Every season has a different role to play to ensure the flourishing of our food garden. After a hot, dry summer, winter is the time for us to add rich compost and manure – returning nutrients to the soil for the next growing season.
On sunny days, we prune fruit trees and trim back any plants that have grown wild. We hope for plenty of rain, because – this spurs growth of winter grasses, which boost the soil’s carbon content. Rains also encourage the leafy greens we’ve planted to prosper – including cabbages, broccoli, kale and fennel. Our root crops such as beetroot, carrots and onions also thrive at this time of year.
Crop rotation and companion planting is important to enhance different nutrients and scare away pests. We like to plant cabbages, broccoli and kale after beans. In between these, we plant marigolds (to distract bugs) and spring onions (which protect the soil from disease).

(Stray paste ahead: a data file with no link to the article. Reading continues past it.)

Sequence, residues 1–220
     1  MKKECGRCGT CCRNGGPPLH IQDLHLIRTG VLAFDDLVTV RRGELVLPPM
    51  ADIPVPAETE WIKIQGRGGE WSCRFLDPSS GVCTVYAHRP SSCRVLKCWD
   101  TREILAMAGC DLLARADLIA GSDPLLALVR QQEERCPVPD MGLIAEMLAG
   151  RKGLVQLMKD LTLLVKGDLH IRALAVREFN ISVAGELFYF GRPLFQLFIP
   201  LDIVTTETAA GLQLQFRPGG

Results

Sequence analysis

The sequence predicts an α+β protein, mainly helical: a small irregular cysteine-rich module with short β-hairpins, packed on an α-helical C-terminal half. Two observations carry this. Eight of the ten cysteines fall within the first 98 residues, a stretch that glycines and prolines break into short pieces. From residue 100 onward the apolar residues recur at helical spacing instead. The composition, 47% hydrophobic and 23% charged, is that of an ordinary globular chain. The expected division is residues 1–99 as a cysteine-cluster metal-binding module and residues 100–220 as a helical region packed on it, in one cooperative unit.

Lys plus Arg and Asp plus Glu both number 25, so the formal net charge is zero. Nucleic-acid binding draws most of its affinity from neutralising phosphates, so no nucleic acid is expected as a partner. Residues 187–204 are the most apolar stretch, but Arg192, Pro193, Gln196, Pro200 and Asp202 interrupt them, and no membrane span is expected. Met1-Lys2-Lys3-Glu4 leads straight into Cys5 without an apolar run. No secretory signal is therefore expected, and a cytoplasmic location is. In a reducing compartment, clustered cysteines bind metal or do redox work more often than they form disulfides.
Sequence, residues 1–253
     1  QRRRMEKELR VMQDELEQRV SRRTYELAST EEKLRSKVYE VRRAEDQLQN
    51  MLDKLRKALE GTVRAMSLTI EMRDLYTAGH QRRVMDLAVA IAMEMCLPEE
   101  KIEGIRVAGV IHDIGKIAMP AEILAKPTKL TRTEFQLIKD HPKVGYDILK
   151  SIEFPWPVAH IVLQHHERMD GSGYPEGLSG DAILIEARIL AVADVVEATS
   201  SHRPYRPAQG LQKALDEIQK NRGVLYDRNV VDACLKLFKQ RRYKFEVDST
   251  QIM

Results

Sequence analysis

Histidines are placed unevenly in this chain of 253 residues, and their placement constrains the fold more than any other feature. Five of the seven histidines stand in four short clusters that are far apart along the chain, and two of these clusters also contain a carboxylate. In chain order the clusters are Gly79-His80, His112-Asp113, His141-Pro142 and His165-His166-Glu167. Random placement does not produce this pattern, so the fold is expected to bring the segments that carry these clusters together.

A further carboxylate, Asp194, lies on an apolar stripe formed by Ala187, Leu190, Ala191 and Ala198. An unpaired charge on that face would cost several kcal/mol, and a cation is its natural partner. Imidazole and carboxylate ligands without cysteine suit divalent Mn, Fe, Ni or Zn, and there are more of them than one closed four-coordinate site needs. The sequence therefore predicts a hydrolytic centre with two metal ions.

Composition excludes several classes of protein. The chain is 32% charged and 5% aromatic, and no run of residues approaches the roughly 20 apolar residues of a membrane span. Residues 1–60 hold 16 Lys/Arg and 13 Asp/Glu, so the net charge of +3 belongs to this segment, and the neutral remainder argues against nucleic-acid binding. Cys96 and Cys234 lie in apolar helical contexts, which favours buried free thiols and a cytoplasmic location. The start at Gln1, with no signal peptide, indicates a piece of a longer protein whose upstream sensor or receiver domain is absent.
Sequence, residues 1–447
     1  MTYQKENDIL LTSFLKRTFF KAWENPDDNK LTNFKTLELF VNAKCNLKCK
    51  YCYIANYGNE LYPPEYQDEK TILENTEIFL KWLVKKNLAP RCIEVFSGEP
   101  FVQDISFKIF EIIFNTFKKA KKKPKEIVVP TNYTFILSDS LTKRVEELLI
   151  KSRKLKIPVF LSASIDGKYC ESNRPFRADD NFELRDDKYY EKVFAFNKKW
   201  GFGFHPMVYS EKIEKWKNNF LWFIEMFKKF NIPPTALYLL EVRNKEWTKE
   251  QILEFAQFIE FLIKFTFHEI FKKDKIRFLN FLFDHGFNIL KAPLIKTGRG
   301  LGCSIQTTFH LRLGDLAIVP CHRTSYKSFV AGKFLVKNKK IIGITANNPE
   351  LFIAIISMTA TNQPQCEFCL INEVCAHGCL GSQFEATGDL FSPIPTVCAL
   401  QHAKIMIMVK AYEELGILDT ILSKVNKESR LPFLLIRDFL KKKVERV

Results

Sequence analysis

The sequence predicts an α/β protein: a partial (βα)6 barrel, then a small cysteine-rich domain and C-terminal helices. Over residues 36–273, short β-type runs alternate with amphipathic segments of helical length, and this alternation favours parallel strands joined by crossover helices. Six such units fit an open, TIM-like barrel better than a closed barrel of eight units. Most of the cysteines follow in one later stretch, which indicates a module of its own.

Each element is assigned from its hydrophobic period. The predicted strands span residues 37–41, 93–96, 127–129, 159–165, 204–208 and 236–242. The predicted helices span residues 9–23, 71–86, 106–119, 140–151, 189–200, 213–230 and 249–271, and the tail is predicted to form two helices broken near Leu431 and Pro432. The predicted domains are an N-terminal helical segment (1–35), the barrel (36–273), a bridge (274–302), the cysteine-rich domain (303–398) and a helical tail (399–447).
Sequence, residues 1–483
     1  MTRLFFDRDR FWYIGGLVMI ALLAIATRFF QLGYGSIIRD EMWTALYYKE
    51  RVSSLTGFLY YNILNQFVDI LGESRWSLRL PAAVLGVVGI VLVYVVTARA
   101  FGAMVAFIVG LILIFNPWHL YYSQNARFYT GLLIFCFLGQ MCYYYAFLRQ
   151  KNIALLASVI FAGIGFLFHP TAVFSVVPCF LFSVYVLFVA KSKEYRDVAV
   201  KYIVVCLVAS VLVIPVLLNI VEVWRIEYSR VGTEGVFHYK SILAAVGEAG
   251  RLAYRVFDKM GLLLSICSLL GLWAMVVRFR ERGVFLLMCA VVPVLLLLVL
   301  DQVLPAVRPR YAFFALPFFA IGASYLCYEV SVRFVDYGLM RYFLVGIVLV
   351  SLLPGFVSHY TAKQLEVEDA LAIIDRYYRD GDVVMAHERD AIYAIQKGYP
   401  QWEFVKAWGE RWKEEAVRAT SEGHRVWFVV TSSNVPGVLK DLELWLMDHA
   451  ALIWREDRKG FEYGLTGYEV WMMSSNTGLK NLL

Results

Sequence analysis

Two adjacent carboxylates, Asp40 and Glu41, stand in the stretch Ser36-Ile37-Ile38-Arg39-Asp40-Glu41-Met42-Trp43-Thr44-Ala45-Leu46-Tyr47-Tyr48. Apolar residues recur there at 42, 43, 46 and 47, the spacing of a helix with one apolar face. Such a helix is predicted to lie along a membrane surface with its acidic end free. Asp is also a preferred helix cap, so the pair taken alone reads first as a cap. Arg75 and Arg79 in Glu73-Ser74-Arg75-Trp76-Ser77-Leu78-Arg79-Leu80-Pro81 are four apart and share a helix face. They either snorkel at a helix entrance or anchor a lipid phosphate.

Carrots and peas grow very well together. Radishes and lettuces give a quick crop and complement each other in a garden salad. Strong-smelling herbs such as organum and thyme planted in and around the vegetables add a lovely flavour to meals and help keep pests out.
We return any parts of the vegetables we don’t use to our worm farm so that it can become rich compost. All weeds (there are plenty this time of year!) are put in a big drum and filled with water to ferment for a week or two. This will break down into strong plant food. The weeds are trying to repair any nutrients that may be out of balance, so it is important they are composted and returned to the garden.